How Does Fiber Internet Work?
As the demand for high speed internet increases, there’s one type of internet that beats them all. Fiber optic. Fiber optic internet is the future of internet connections. It delivers internet at lightning fast speeds and can handle all modern day activities. From online gaming, to streaming and smart home devices; fiber internet can handle it all. It surpasses DSL, satellite and cable internet connections in speeds, bandwidth, data caps and reliability.
What Is Fiber Internet?
Fiber internet is the latest and best internet type you can get today. It uses fiber optic glass stands instead of copper or telephone wires. You’ll experience faster speeds and are capable of handling much more bandwidth. Unfortunately, fiber internet is only available in urban and suburban areas due to the cost associated with fiber infrastructure and the labor to install it.
3 Types Of Fiber Internet
Not all fiber internet connections are the same. There’s three types; fiber to the neighborhood, fiber to the curb and fiber to the home. The difference between these three types are how far the fiber connection goes and therefore affecting how fast your internet will be.
Fiber To The Home (FTTH)
Fiber to the home is the best type of fiber internet you can get. With this type of fiber connection, fiber optic glass strands go straight into your home or business which provides you with high-speed internet. You’ll receive the fastest internet your internet provider can deliver and significantly higher bandwidth than other types of fiber connections. Installation is a bit more involved if you’ve never had fiber internet before. Your provider will likely need to enter your home or business to bring the fiber lines inside.
Fiber To The Curb (FTTC)
Fiber to the curb is the second best type of fiber internet you can get. It is part fiber and part copper. With this type of fiber connection, the fiber stops at your neighborhood’s nearest utility pole or box. From there your connection continues on through coaxial cables to your home. The last mile of copper wires does down your fiber connection comparative to the fiber to the home type.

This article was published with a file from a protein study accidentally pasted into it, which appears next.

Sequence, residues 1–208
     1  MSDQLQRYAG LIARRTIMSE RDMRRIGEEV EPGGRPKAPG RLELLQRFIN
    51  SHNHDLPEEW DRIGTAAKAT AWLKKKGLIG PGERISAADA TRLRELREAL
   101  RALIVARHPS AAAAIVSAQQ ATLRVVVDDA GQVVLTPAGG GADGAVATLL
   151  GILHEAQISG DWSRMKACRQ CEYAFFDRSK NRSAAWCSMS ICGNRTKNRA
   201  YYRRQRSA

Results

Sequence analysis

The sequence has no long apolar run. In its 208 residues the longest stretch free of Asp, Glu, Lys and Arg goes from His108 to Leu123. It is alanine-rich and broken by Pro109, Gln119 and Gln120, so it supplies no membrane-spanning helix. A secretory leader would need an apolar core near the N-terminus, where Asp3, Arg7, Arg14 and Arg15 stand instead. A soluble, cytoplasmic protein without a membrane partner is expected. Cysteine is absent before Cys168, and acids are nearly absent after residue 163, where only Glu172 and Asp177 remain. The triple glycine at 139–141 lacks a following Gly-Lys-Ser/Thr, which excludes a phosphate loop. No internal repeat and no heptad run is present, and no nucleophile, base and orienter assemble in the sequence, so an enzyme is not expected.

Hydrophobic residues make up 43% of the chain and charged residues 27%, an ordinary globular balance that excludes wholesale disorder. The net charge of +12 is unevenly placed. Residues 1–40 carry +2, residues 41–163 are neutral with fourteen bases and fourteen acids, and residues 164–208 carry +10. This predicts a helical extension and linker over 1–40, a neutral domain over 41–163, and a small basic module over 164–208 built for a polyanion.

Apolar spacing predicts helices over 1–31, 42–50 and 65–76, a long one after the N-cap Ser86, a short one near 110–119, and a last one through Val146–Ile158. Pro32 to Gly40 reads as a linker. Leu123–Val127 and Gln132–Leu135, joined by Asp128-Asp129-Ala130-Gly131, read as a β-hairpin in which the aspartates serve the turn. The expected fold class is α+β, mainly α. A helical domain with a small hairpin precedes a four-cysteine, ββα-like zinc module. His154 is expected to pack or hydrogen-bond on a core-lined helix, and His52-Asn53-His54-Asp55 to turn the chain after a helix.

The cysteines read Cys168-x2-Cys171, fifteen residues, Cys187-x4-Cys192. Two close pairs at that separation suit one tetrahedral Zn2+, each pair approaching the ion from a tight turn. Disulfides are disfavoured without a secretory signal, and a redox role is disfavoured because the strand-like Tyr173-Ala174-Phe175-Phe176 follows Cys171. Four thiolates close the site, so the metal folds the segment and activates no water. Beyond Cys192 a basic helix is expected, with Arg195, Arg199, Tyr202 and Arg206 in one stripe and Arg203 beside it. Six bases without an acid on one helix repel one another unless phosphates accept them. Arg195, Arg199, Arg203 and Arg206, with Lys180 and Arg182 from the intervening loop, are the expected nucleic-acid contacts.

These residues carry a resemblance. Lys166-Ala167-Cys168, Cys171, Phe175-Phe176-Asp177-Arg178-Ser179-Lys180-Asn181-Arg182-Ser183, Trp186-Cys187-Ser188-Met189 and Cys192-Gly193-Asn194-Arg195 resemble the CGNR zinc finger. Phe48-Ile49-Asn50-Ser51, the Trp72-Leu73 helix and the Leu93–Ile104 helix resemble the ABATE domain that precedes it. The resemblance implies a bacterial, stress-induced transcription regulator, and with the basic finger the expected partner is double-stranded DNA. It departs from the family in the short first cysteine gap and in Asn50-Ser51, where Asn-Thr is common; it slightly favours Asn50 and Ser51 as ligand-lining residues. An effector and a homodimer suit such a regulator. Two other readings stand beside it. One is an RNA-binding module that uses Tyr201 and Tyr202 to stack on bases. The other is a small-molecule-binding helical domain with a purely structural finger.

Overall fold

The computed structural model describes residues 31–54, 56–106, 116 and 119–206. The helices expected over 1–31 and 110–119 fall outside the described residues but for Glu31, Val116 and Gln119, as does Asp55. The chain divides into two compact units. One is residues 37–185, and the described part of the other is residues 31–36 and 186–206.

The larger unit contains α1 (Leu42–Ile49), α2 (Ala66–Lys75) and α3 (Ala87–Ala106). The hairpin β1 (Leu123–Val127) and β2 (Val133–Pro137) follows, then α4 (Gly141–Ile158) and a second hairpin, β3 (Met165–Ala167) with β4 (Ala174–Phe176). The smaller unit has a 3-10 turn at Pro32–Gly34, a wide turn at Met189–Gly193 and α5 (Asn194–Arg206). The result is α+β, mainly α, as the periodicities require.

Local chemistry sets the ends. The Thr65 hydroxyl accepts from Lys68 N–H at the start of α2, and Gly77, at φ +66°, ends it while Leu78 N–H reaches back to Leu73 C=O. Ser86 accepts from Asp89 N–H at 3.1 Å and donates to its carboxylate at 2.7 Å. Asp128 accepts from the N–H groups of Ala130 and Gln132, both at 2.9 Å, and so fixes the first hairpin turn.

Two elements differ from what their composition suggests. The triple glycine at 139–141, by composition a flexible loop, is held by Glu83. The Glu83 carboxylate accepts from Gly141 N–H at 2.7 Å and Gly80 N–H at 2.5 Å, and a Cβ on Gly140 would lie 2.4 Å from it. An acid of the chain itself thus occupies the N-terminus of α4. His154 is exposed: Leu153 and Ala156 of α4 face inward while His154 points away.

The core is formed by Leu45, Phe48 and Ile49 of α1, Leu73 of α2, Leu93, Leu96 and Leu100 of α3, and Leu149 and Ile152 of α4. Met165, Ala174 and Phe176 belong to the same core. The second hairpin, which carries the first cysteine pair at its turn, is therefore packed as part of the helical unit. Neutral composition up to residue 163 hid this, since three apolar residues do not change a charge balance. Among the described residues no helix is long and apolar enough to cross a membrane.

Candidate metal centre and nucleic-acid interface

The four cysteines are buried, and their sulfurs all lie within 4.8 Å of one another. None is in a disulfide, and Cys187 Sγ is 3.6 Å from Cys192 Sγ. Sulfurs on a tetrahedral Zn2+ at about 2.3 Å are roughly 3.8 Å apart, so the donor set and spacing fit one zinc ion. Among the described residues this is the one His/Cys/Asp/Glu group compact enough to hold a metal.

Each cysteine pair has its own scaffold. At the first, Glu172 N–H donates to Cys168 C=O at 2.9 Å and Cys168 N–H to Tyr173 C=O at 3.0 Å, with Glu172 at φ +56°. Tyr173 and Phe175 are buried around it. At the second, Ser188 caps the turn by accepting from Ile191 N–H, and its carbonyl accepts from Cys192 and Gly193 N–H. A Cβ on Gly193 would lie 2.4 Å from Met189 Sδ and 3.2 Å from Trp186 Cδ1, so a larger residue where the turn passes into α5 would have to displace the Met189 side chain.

Fiber To The Neighborhood (FTTN)
Fiber to the neighborhood is the worst type of fiber internet you can get. This connection is made up of part fiber and part telephone or copper lines. With fiber to the neighborhood, you get fiber to a node that serves an approximate 100 mile radius. This is where your speeds can dramatically be different; the farther you are from the node, the slower your internet connection will be. But, the connection may vary depending on your internet service provider.
Fiber Internet Providers
|Fiber Internet Provider||Monthly Price||Download Speeds||Upload Speeds|
|Altafiber||$39.99/month to $69.99/month||250 Mbps up to 1 Gbps||125 Mbps to 250 Mbps|
|AT&T Fiber||$55/month to $180/month||300 Mbps up to 5 Gbps||300 Mbps to 5 Gbps|
|CenturyLink||$70/month||Up to 940 Mbps||Up to 940 Mbps|
|Frontier Fiber||$49.99/month to $149.99/month||500 Mbps up to 2 Gbps||500 Mbps to 2 Gbps|
|Google Fiber||$70/month to $100/month||1 Gbps up to 2 Gbps||1 Gbps|
|Greenlight Networks||$50/month to $200/month||500 Mbps up to 2 Gbps||500 Mbps to 2 Gbps|
|MetroNet||$49.95/month to $119.95/month||100 Mbps up to 1 Gbps||100 Mbps to 1 Gbps|
|Optimum||$40/month to $60/month||300 Mbps up to 1 Gbps||300 Mbps to 1 Gbps|
|Verizon Fios||$24.99/month to $64.99/month||300 Mbps up to 940 Mbps||300 Mbps to 880 Mbps|
|Ziply Fiber||$20/month to $120/month||50 Mbps up to 5 Gbps||50 Mbps to 5 Gbps|